Oak Tree Clinic is studying the clinical effectiveness of a weekly text messaging intervention for improving the care and support of vulnerable and hard-to-reach HIV positive patients on antiretroviral therapy (cART).
The study is based upon the WeltelKENYA study , a randomized control trial demonstrating that weekly text messages to patients from nurses results in significantly higher rates of treatment adherence and viral suppression than standard care alone. In a pilot study examining intervention acceptability and feasibility (WeltelBC1), participants reported improved engagement, medication adherence and psychosocial health .
Using a repeated measures design, 85 HIV+ high risk participants with detectable HIV viral loads (VL) from the Oak Tree Clinic were enrolled in the intervention. Study participants receive a weekly text message asking “How are you?” Data on appointment attendance (engagement), cART adherence, CD4 counts, and VL are collected at each visit from the year before, during and after the intervention.
Intervention cost effectiveness and cost benefit will be studied to assess feasibility of transferring the intervention to a programmatically funded facet of patient care. Total cost will be tabulated based on the intervention costs, including cost of the platform, texting, phones, nursing and other staff time.
Benefits of the study will be determined in both monetary and non-monetary units using an HIV-specific model to estimate number of transmissions averted, morbidity averted, quality of life improvement, and systematic costs saved.
Preliminary data from the first 30 participants that reached six months on the intervention demonstrated a 0.52 log10 decrease in VL (e.g., mean group viral load dropped from 44,629 to 22, 656 copies/ml) . Of these, 9/30 patients were newly undetectable from an HIV standpoint.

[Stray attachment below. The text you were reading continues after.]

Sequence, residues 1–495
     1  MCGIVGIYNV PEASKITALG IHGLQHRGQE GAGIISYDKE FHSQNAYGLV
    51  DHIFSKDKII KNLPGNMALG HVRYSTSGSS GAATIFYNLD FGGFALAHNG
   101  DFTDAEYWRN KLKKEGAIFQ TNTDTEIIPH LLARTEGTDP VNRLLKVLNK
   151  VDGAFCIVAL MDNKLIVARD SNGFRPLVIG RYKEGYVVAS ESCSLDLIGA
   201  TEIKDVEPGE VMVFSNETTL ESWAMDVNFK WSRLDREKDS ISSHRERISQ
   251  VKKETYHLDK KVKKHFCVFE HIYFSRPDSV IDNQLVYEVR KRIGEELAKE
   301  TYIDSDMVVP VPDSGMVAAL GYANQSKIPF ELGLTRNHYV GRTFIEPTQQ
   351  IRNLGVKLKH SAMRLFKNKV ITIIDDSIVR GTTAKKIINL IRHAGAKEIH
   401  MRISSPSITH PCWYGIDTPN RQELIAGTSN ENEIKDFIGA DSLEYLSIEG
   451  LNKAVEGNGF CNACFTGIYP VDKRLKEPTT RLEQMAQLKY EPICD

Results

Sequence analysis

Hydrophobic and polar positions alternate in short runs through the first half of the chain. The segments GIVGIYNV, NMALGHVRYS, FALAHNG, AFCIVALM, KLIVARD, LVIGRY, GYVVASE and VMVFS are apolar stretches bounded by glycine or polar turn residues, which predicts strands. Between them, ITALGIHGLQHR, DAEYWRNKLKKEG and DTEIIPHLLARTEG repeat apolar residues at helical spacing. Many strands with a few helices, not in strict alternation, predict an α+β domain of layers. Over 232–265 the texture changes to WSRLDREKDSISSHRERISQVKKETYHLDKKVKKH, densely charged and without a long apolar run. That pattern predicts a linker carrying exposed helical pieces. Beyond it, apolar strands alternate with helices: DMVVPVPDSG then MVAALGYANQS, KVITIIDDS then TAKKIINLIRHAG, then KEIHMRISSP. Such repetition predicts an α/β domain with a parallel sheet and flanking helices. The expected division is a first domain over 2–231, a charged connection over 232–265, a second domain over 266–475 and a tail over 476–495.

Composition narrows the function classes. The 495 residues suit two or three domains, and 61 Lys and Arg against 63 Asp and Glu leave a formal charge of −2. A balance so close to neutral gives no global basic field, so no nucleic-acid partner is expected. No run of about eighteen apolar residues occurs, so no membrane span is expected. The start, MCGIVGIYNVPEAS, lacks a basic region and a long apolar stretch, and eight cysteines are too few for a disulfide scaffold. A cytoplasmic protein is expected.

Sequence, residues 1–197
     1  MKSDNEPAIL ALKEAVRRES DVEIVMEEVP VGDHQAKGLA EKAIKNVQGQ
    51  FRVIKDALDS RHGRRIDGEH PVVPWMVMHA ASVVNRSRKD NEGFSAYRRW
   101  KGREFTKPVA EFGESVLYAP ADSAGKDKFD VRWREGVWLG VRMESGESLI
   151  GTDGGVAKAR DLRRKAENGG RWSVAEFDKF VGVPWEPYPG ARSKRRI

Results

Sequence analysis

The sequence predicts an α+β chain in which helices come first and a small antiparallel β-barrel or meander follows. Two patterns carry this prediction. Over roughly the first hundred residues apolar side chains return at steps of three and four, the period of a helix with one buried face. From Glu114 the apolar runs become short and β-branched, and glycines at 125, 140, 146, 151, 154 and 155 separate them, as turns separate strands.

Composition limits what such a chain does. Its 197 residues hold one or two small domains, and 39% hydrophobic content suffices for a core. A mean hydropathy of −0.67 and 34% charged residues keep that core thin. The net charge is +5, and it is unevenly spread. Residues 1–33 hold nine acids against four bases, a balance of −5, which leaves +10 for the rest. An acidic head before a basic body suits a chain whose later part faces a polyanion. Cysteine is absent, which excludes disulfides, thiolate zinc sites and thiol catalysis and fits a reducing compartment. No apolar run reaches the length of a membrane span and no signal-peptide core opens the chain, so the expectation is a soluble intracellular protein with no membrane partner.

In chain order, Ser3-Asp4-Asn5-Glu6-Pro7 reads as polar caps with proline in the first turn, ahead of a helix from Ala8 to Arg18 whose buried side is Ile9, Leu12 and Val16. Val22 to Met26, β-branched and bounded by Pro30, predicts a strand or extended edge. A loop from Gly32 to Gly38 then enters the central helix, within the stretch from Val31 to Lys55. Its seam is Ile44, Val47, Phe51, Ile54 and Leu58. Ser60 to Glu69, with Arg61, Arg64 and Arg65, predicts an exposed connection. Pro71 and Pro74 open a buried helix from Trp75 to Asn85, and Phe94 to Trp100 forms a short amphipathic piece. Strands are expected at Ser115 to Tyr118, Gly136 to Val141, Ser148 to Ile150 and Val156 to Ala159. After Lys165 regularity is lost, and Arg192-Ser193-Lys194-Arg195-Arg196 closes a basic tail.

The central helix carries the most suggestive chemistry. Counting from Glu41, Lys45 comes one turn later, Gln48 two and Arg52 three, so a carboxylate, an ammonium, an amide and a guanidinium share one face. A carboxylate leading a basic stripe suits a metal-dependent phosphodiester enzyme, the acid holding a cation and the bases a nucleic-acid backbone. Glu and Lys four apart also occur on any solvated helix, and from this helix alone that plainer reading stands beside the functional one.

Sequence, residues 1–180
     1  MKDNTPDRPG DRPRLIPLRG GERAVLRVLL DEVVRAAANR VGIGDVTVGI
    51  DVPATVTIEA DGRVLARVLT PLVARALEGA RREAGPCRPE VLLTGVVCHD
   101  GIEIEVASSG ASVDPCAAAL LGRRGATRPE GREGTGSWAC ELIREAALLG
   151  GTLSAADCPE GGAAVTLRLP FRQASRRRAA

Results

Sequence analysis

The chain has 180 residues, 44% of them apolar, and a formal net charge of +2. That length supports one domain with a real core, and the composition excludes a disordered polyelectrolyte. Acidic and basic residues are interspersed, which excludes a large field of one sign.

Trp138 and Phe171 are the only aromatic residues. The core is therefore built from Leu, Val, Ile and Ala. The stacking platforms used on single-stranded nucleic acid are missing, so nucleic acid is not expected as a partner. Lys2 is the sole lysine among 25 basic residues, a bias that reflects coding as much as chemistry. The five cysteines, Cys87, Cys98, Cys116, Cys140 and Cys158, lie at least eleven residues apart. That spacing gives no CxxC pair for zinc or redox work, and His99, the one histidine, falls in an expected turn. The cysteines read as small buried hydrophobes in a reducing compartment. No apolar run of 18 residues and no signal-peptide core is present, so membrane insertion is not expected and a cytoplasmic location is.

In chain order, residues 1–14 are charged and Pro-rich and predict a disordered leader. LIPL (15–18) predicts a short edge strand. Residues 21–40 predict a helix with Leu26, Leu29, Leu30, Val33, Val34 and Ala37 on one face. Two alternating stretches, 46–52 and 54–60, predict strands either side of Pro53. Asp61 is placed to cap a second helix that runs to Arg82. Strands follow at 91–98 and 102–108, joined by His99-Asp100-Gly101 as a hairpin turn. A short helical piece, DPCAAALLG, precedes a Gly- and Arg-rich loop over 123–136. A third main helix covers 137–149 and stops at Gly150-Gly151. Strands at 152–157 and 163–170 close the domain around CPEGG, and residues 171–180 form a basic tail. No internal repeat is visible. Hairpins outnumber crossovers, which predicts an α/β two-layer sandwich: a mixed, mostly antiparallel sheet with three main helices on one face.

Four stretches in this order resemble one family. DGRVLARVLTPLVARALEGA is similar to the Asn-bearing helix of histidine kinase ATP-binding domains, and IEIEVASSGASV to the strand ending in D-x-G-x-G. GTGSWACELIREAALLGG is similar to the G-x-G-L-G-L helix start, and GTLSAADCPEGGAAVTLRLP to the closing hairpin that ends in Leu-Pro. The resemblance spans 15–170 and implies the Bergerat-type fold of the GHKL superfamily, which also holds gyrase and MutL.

With the goal of translating the intervention to clinical practice, we continue to build a business case for programmatic funding of the intervention in the next 1-2 years. Our intention is to expand engagement of our most vulnerable patients at Oak Tree, and to support initiation and adherence to ARV therapy.
For more information
For information about the Oak Tree study, please contact Karen Friesen or Dr. Melanie Murray.
For more general inquires about the WelTel platform, please contact Dr. Rich Lester.
- Richard T Lester, Paul Ritvo, Edward J Mills, Antony Kariri, Sarah Karanja, Michael H Chung, William Jack, James Habyarimana, Mohsen Sadatsafavi, Mehdi Najafzadeh. Effects of a mobile phone short message service on antiretroviral treatment adherence in Kenya (WelTel Kenya1): a randomised trial. The Lancet, Volume 376, Issue 9755, Pages 1838-1845.
- Smillie K, Van Borek N, Abaki J, Pick N, Maan EJ, Friesen K, Graham R, Levine S, van der Kop ML, Lester RT, Murray M. A qualitative study investigating the use of a mobile phone short message service designed to improve HIV adherence and retention in care in Canada (WelTel BC1). J Assoc Nurses AIDS Care. 2014 Apr 23. pii: S1055-3290(14)00040-5. doi: 10.1016/j.jana.2014.01.008.
- Friesen K, O’Shaughnessy S, Maan EJ, Makela N, Pickering B, Lester R, Pick N, Murray M. How R U? WelTelOAKTREE: Text messaging and nursing support to improve care for HIV positive patients taking antiretroviral therapy (cART) in British Columbia. (Oral Presentation), 2014 Canadian Association of Nurses in AIDS Care (CANAC) Conference, April 24-26, 2014.